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Ocean City

Is that White Marlin really a White Marlin?

The confusing history of the white marlin and blue marlin that earn anglers millions during Ocean City’s White Marlin Open in August each year.

Every August, Ocean City hosts the White Marlin Open, the world’s largest billfish tournament.  In 2019, more boats entered the tournament than every before.  These boats are impressive to see and those fishing and those observing contribute significantly to Ocean City’s economy each summer.  To find out more about the White Marlin Open, visit our page dedicated to this tournament.

White Marlin

white marlin

Maryland’s Department of Natural Resources has a lot to say about the white marlin. This fish is one of many billfish that create a thriving sport fishery off the coast of Ocean City, Maryland. “Every summer, as the waters warm, billfish make the journey to Maryland’s offshore waters to feed. These pelagic swimmers remain off the coast until water temperatures drop again in the fall and they head back south.” The marlin prefer warm surface water, but can be found in waters deeper than 300 feet.

The white marlin is one of four species common off our coast:

  • White marlin, Kajikia albida
  • Roundscale Spearfish, Tetrapturus georgii
  • Blue marlin, Makaira nigricans, and
  • Atlantic sailfish, Istiophorus platypterus

Originally, the white marlin was named Tetrapturus albidus. This placed the white marlin in the company of the spearfish which have a fossil record dating back 15 million years. In 2006, some scientists did genetic testing and discovered that the white marlin and the striped marlin should be in their own genus, Kajikia. They are distinct from the spearfish genus of Tetrapturus and also separate from the blue marlin which are in the genus Makaira..

The scientists were confused, but so were fishermen. The Virginia Institute of Marine Science began doing DNA testing on the fish weighed in during the Mid-Atlantic $500,000 Tournament since 1992. They discovered that 18% of the white marlin weighed in were actually roundscale spearfish I haven’t seen any numbers for how many of the white marlins caught in the White Marlin Open in Ocean City over the years were actually roundscale spearfish.

White marlin usually do not exceed 5.5 feet and 80 pounds. However, the world record for a white marlin is almost 182 pounds caught in the waters off Brazil.

Blue Marlin

Those fishing in the White Marlin Open tournament in Ocean City, Maryland also hunt for the Blue Marlin.  This is a much larger fish. National Geographic describes them as “one of the largest and most beautiful fish in the ocean.” They are cobalt blue on top with a silvery-white underside. The world record Blue Marlin was caught off the coast of Kona, Hawaii and weighed 1,376 pounds and was over 16 feet long. Some commercial fisherman and others have caught bigger fish , but they were not officially weighed. These fish start life when the eggs are fertilized in the water, outside the bodies of the fish. Their diet grows as they do until the Blue Marlin becomes one of the largest, fastest swimming and most successful predators in the ocean. They slash through dense schools of fish to stun their prey and then return to eat the fish they stunned and killed.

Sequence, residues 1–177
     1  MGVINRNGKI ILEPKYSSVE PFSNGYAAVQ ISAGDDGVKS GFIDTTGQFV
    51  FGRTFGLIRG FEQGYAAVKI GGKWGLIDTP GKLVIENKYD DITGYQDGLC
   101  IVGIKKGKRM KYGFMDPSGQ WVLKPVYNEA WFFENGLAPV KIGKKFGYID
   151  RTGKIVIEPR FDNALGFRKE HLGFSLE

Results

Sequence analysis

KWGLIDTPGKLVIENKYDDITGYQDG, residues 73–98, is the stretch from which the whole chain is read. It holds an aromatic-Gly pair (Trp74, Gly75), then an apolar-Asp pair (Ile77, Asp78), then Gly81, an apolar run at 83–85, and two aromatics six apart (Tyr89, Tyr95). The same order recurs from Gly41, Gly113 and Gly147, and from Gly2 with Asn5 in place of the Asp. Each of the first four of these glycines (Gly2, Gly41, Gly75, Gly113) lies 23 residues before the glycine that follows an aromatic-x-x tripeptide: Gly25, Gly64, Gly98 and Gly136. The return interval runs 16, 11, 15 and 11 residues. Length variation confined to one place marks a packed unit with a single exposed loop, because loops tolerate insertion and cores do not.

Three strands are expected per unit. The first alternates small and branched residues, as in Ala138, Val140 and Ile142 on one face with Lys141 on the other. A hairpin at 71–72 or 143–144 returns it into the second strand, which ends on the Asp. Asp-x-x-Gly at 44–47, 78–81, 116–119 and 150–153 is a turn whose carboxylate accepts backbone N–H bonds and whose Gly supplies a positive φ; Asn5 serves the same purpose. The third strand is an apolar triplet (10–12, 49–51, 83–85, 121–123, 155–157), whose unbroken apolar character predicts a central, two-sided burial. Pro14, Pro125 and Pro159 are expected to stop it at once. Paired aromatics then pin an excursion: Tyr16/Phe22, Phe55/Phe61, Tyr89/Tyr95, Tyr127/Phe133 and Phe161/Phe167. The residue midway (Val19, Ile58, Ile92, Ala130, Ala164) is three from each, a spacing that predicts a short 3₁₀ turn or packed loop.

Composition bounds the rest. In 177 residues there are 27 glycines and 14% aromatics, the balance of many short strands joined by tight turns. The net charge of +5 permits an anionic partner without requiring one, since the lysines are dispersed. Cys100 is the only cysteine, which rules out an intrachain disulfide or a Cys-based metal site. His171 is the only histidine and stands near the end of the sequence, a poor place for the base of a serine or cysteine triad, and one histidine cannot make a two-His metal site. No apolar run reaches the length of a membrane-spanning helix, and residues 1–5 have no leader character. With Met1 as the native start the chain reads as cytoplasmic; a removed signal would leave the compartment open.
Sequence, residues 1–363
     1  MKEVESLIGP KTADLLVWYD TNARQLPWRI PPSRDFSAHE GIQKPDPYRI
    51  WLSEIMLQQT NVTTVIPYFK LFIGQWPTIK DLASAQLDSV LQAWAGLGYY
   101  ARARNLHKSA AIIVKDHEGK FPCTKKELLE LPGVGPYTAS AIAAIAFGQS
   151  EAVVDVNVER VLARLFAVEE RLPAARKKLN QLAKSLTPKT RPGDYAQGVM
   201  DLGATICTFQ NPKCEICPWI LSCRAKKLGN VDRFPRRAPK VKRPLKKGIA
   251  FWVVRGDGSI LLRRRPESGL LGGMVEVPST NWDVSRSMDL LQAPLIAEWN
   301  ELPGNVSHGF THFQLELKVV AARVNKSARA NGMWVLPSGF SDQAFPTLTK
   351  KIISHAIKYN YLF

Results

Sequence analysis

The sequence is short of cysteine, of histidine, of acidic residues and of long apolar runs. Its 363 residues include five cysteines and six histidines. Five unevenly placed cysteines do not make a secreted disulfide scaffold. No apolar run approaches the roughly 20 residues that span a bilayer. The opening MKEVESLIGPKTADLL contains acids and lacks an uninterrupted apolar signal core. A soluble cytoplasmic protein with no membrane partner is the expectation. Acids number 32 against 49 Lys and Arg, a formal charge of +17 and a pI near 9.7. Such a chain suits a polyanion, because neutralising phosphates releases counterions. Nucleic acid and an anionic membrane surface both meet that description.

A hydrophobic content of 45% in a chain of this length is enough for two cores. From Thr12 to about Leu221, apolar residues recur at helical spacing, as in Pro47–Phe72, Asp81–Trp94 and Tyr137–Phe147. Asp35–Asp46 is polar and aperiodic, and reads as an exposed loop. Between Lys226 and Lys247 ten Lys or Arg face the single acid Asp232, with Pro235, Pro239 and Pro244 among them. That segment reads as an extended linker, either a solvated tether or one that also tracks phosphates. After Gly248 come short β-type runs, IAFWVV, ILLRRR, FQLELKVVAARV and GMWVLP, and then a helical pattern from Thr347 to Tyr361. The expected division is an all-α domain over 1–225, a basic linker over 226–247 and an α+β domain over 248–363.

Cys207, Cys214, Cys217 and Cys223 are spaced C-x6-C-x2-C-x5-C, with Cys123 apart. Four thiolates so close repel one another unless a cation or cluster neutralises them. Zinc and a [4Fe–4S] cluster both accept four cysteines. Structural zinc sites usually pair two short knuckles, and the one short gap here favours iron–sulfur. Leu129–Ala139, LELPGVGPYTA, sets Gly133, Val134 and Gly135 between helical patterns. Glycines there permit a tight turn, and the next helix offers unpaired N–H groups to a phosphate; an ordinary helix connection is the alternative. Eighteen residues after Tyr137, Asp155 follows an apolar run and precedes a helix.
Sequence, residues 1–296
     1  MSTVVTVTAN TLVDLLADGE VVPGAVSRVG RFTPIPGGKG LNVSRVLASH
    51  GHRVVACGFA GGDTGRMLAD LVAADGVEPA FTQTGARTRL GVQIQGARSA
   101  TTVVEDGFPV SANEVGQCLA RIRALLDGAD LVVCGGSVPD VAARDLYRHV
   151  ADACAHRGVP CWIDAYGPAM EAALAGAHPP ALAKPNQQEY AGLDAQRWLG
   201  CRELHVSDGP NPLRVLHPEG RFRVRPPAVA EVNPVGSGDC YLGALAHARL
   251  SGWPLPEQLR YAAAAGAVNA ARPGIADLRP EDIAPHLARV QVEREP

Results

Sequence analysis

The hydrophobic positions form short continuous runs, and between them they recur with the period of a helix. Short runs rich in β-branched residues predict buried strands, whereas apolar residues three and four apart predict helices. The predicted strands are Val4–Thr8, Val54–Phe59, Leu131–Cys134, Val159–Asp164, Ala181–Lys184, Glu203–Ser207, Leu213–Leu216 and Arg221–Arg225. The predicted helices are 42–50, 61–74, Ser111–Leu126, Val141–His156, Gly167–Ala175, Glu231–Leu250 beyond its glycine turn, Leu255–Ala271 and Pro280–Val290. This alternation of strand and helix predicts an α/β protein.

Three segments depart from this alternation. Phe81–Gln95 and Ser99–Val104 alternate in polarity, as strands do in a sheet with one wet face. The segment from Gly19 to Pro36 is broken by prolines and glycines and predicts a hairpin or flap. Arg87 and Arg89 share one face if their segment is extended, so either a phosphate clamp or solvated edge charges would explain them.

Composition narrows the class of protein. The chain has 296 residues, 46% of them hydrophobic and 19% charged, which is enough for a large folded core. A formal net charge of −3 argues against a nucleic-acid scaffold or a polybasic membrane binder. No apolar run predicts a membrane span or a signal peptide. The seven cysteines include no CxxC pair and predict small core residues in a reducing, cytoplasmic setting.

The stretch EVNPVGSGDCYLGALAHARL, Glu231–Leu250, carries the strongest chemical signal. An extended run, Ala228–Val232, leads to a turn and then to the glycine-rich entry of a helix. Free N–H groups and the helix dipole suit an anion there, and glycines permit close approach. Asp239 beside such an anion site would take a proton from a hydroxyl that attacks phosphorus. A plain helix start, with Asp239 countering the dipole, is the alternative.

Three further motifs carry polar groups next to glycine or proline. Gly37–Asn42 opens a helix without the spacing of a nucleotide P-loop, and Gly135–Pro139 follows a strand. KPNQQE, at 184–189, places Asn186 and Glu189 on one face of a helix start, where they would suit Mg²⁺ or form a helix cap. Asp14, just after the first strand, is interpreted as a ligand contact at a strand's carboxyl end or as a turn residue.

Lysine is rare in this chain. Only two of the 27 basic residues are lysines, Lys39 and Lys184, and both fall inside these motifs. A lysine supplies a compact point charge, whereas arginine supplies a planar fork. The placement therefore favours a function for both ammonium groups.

Females can be up to four times larger than the males and release millions of eggs multiple times when spawning, thereby hoping to ensure at least one grows to adulthood. Bue marlins were originially thought to be divided into multiple species. DNA testing this time conflated all blue marlin into one species. So, if you catch a blue marlin, it’s just a blue marlin, if you can say that about one of the largest and most beautiful fish in the sea.

Their meat is a delicacy particularly in Japan. During the White Marlin Open, some fishermen keep their fish once weighed.  For those anglers who choose not to keep their fish, the tournament donates any extra fish to food banks in the Ocean City area.

White Marlin Open in Ocean City, Maryland: Conservation and Sportsmanship

The White Marlin Open has been at the forefront of billfish conservation for 42 years.  They proudly host this tournament  formatted for anglers to win millions of dollars while maintaining very high release rates. All fishermen are required to use circle hooks which reduce the mortality rate of released fish because it increases the likelihood of the fish being hooked in the mouth. Those using these hooks are not supposed to set the hook, but rather wait for the hook to set itself as the fish is reeled in. In 2018, almost $4,000,000 in prize money was awarded. 695 billfish were caught and 687 of them were released. In 2019, the largest year to date based on boats entered in the tournament, showed well over 1,000 white marlins caught during the first three days of the tournament.


Resources and Credits:









Ann has been with StateVentures since 1999. She moved from Annapolis to Berlin, MD to be closer to Ocean City. She splits her work week between the two locations to help clients and visitors get the best information and value out of our sites. She loves a camera and any excuse to use it.  Her kids are both grown and off adventuring.  Ann loves to travel with her kids and lives with her dog Marley when she's not in Virginia fishing.

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